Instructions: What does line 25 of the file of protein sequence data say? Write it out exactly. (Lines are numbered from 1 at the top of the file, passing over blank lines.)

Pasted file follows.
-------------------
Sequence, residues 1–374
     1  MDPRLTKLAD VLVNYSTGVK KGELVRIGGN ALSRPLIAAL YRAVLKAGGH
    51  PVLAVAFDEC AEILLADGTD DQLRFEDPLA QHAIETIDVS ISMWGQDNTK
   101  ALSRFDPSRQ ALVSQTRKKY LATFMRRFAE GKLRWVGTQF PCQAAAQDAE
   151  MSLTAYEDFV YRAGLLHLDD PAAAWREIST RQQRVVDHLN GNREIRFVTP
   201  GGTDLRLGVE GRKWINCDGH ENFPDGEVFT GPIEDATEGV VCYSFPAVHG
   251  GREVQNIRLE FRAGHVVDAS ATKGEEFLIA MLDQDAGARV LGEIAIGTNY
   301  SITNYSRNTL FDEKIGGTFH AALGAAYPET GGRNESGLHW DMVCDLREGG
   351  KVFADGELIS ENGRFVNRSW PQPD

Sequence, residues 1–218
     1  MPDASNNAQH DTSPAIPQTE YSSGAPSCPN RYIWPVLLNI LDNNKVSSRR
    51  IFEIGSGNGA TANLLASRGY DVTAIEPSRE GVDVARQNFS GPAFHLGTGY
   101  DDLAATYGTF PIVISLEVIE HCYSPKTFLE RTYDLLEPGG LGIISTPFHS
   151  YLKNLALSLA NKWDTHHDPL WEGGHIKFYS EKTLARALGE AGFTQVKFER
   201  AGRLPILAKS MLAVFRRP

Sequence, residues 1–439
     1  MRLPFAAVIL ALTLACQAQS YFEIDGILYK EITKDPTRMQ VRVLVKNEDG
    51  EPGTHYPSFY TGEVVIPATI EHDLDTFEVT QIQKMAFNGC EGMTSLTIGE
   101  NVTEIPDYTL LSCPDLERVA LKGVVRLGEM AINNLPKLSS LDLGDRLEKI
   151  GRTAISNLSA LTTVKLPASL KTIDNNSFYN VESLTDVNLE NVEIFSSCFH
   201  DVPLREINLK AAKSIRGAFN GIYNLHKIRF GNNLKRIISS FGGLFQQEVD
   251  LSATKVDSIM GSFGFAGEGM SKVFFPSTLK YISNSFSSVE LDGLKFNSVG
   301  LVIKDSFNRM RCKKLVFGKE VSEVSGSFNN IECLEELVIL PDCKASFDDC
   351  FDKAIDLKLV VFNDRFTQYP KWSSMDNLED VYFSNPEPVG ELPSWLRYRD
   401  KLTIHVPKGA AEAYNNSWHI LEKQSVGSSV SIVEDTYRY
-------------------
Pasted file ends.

   401  KLTIHVPKGA AEAYNNSWHI LEKQSVGSSV SIVEDTYRY